Yesterday was July 4th, and I found it or that while I was standing in the middle of the Magic Kingdom that my only goal was to head over to Pecos Bill Tall Tale Inn and Cafe and get myself a root beer slush. Admittedly it was a fairly hot day, but that wasn’t why I was getting the drink. What I wanted was the mug that it came in, shaped like a boot, and stamped with the logo for the newly released Disney film The Lone Ranger and the image of a Texas Ranger badge. For the longest time, I’ve been a fan of the character, and his history. As a child I had a spray-painted silver bullet on my desk, had made myself my own Halloween costume (that got worn more often), and was even a Texas Rangers fan. So I’ll just apologize upfront if this seems biased.
The legend of the Lone Ranger goes back to a 1933 radio show which was one of the most popular of all time. It has since gone on to produce a highly successful television program, a series of books, comic books, other movie treatments, merchandising, etc. It’s safe to say that for 80 years this character has never not made money in some capacity. And in 2007 the Weinstein brothers, after having left Disney, found themselves planning to buy the rights to the Lone Ranger for use in the home video market – only to see the company that was selling it to them snatched up by Dreamworks before this could happen.
Eventually, with the help of Jerry Bruckheimer, the movie was set up at Disney. The first script treatment had had an extreme supernatural overtone, trying to play off the Pirates of the Caribbean movies. I’m not kidding, there were werewolves. Elements of this original script were brought forward into the final product and can be found very obviously imbued into nature of the characters of Tonto and Butch Cavendish primarily, and to a lesser extent that of the main character John Reid. In 2010, after the idea was on the verge of being scrapped, Gore Verbinski steps into the picture, and production kicked into high gear. While Johnny Depp had been signed to the project back in 2008, they needed their Ranger, and Armie Hammer was signed to do so.
In my time as a fan I’ve read, watched, or listened to more than a dozen different version of the origin story of the Lone Ranger, and I have to say that this movie, The Lone Ranger, is a very fresh adaptation. If you look closely it has so much of what has been brought before in it. The Ranger is the lawman seeking justice, more literally as a lawyer. Tonto is still the guide, taking a more spiritual bent. And Butch Cavendish is as vile, rotten, and disgusting as he should be, adding a new bent that wasn’t too hard to… swallow (do you see what I did there). A few of the twists in the movie are nicely done, especially the reveal – which is only lightly telegraphed. There are still mines of silver and even nephew Dan as a future sidekick is alluded to.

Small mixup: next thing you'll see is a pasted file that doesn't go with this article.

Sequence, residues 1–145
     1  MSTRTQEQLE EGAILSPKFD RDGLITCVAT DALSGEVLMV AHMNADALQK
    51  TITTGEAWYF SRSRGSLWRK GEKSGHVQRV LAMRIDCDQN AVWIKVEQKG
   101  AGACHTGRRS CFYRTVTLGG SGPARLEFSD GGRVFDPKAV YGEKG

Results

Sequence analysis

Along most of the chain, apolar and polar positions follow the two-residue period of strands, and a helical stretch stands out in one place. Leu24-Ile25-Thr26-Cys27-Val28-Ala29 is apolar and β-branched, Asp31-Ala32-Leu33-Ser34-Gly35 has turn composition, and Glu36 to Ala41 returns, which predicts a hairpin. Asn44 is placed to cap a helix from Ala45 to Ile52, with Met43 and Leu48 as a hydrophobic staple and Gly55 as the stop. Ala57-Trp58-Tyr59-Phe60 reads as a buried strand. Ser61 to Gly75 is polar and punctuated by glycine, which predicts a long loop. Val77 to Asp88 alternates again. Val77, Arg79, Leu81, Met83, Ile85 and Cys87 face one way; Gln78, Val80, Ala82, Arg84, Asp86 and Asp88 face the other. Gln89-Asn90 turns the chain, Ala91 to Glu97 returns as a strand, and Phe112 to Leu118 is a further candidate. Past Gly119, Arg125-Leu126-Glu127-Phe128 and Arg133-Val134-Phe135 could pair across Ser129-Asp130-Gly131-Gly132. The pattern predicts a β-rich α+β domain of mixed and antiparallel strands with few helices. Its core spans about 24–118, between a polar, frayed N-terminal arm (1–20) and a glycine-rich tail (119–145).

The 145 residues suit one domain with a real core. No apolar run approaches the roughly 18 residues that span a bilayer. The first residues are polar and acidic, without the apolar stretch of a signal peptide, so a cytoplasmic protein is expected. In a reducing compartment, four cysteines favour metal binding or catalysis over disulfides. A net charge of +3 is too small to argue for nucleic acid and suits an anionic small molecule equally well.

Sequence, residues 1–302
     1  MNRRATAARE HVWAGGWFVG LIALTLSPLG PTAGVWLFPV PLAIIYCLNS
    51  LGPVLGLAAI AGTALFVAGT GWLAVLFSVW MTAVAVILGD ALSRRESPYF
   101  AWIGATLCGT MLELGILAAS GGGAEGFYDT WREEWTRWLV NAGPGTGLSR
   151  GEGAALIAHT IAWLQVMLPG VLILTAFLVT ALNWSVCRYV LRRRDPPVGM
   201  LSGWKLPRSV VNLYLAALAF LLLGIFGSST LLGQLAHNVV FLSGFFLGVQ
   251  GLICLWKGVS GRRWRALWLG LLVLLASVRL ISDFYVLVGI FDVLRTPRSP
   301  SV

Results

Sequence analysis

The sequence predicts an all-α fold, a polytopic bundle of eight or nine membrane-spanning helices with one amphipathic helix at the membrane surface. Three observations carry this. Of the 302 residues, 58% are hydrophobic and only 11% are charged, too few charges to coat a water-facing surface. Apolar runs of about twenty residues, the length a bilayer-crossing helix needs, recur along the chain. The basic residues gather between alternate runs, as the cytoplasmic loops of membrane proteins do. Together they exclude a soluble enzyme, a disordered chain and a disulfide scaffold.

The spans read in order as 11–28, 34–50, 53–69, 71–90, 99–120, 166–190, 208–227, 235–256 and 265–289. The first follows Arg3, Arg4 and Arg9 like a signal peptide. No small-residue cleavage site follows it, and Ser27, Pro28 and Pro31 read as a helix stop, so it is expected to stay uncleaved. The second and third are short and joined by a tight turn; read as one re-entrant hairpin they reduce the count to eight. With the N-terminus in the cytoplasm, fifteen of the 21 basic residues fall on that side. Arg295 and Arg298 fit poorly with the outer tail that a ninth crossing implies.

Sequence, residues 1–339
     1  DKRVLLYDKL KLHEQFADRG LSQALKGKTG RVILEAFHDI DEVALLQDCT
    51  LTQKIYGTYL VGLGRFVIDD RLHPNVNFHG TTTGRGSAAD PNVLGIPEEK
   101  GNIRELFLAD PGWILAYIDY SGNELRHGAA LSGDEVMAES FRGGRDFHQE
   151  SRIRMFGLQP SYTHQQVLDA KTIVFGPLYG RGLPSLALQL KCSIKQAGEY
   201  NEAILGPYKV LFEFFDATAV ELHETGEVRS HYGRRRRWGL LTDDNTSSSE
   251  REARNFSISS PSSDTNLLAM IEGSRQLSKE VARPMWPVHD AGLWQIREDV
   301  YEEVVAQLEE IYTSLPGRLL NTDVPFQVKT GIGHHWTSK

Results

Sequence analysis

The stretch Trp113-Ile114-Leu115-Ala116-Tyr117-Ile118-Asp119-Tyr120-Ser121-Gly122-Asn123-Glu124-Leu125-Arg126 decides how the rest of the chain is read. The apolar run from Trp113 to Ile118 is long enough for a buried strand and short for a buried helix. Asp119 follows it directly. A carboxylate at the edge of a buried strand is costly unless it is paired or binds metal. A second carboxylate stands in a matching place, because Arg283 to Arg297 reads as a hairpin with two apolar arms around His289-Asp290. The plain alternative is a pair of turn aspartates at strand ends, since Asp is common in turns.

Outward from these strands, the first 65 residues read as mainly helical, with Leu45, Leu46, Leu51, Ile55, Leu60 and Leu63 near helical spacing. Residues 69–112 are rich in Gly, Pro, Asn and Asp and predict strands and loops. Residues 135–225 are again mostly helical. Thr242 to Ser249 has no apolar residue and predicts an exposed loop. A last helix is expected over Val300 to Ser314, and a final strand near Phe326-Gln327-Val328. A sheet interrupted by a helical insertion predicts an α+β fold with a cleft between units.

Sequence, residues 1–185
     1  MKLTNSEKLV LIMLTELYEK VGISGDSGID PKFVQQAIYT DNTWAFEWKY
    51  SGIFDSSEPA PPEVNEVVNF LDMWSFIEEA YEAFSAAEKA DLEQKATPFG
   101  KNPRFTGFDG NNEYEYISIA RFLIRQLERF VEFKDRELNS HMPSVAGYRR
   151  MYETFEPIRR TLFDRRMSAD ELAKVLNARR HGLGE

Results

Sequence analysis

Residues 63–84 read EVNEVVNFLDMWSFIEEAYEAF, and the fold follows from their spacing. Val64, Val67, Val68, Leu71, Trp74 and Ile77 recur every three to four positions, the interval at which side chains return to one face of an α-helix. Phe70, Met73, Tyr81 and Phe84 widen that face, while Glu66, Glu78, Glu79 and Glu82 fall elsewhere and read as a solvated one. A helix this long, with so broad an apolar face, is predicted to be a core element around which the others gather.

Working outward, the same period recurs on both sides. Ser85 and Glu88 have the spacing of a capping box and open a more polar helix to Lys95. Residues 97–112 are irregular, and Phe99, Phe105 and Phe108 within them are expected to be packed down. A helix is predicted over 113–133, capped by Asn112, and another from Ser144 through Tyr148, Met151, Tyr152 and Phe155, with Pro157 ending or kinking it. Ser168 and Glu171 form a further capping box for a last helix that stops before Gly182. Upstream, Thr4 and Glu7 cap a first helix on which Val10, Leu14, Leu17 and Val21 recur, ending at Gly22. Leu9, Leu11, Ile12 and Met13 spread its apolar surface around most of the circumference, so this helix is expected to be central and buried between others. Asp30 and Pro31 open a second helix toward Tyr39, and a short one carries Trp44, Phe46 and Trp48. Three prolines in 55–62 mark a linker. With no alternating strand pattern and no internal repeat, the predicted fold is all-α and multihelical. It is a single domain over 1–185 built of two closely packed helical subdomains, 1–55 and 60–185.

For 22 (or more) minutes of the film I was on the verge of tears. Why? Because on the screen is something I feel no filmed treatment has gotten right since the television series use of the William Tell Overture. The full treatment, overlaid on the end game of the movie is one of the most enjoyable on screen moments I’ve experienced. The timing of every note to the action, movement, and feeling of the moment rounded this movie out fully and really brought it home for me. It said to me, “Yes, this is the Lone Ranger.”
Right now you’re seeing a lot of negative criticism about the movie, but really audience reviews of the movie are great. Try to ignore the professional critics and go watch this movie and make your own decision about it. There are some gruesome moments in the movie, that if you’re bringing your children you may get questions about. Up front, I’ll warn you that Westerns aren’t for everyone, but we seldom get good ones that have the right feel to them anymore. This however is one. And if you’re a fan of the genre I feel you’re going to enjoy it.
In addition to doing the web designer and programming for the On the Go in MCO website, Todd Perlmutter is a host for the Disney Film Project Podcast. You can join him and his fellow hosts for a Live Review of The Lone Ranger on Thursday, July 18, 2013.Share this article:
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